'The Walking Dead' recap: A long, long search for a drink

'The Walking Dead' recap: A long, long search for a drink
Daryl, played by Norman Reedus, learns to let go of his past on "The Walking Dead." (Gene Page / AMC)

Spoiler alert for this week's episode of "The Walking Dead": Daryl cries.

Sunday night the series continued its post-midseason break slowdown with another leisurely paced episode in which Daryl and Beth break into a country club, kill some zombies, decide not to drink peach schnapps and instead raid some redneck's stash of moonshine.

Along the way, Beth grows up a little and Daryl learns to let go of his past by setting fire to the former home of the unseen redneck.

You can also close down your "Daryl's Former Occupation" betting pools now, because we also finally learned what it is, though it probably won't surprise anyone. No, he wasn't a priest or a circus clown or even a former CEO. He was a drifter. He did odd jobs while he followed his big brother Merle around from town to town. Why that was teased out the way it was is a mystery still to be solved.

This episode, titled "Still," avoided thrilling cliffhangers and breathtaking plot twists in favor of a more focused, character-driven narrative in which Beth tried to assert her growing sense of adulthood by looking for her first alcoholic drink.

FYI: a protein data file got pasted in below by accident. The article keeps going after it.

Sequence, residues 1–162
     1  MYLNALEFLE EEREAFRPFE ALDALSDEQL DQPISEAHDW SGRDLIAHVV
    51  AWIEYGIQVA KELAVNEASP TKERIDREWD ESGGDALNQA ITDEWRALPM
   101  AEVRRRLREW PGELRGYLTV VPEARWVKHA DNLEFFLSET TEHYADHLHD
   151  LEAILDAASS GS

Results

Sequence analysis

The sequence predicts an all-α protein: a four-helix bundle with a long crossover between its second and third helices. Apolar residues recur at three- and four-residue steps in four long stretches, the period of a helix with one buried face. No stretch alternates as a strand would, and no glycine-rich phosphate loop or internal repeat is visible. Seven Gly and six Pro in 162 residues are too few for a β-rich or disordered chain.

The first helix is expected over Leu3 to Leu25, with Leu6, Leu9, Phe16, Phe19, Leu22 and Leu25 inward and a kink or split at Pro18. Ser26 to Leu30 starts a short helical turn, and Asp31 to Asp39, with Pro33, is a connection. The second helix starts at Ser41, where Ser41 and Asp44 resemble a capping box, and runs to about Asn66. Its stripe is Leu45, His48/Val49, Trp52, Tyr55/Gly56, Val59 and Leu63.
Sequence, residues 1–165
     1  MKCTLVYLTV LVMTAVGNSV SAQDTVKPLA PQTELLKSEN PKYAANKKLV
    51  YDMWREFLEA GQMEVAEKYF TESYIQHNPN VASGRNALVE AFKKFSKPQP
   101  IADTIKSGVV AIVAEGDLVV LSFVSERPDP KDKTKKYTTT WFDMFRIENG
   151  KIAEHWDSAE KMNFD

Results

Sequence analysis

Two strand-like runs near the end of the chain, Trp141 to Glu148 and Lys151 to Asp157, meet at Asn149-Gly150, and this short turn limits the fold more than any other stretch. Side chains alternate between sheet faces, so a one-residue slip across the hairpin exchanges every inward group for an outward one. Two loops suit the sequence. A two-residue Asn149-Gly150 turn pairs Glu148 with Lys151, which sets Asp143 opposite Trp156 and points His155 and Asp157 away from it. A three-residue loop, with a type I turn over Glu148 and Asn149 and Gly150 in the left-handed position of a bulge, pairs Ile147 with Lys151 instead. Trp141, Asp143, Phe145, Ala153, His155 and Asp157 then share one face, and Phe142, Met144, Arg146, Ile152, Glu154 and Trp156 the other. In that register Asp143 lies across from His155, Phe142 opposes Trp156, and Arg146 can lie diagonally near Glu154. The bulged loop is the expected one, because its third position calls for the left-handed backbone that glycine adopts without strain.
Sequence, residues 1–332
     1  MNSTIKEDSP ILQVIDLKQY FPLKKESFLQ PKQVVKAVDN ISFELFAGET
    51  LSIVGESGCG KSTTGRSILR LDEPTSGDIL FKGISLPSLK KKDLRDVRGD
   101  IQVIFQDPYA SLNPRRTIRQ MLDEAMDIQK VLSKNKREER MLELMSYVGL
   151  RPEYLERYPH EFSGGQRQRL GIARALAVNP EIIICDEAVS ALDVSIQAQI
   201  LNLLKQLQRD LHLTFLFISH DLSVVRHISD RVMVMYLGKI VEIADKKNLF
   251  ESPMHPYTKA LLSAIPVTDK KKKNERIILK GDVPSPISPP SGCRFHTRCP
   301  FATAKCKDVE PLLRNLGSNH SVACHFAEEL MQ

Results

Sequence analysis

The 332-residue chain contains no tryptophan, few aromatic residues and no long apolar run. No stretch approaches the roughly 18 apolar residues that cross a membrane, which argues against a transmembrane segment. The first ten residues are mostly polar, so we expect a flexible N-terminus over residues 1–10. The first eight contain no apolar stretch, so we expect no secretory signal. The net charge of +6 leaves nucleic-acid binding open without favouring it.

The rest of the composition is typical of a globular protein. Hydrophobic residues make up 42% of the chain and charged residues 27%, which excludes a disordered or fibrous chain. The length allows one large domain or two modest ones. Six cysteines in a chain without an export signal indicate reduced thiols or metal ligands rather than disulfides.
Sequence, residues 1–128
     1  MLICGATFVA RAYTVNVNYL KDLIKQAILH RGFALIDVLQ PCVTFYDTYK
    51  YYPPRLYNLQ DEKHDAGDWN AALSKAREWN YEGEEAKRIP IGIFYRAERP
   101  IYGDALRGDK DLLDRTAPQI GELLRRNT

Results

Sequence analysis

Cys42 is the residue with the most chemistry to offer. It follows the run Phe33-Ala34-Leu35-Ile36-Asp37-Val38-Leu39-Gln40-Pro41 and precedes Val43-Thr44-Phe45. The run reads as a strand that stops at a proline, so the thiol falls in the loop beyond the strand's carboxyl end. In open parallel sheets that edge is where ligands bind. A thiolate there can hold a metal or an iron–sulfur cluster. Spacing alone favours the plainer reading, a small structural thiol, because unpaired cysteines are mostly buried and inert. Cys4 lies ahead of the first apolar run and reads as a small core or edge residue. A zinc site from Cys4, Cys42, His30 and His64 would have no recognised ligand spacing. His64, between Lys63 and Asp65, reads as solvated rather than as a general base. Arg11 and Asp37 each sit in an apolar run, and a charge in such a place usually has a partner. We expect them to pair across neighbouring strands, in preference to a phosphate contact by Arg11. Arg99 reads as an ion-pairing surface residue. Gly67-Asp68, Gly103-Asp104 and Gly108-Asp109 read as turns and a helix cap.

"I know you think this is stupid," she tells Daryl at one point. "And it probably is. But ... I don't care."

That shot with Beth alone on camera speaking to Daryl is framed in such a way that she could actually be speaking to us, the audience. Yes, Beth, we do think this is stupid. But, hey, you're doing it anyway.

While we haven't gone back to do a comparison of every previous season, "Still" is by far the least compelling episode of Season 4. The personal revelations aren't surprising (didn't we already know that Daryl had an unpleasant childhood?) and the action feels recycled (yet another zombie waits in the dark for people to walk a little too close to him).

While an episode like this may work in the overall design of the season, a breather before we reunite everyone in this new settlement, it felt like a lot of padding. We realize not every episode can, or should, be a thrill-a-minute roller-coaster of plot twists. But a short cable drama season can't afford too many side trips like this one.

Here's hoping the story gets back on track next week.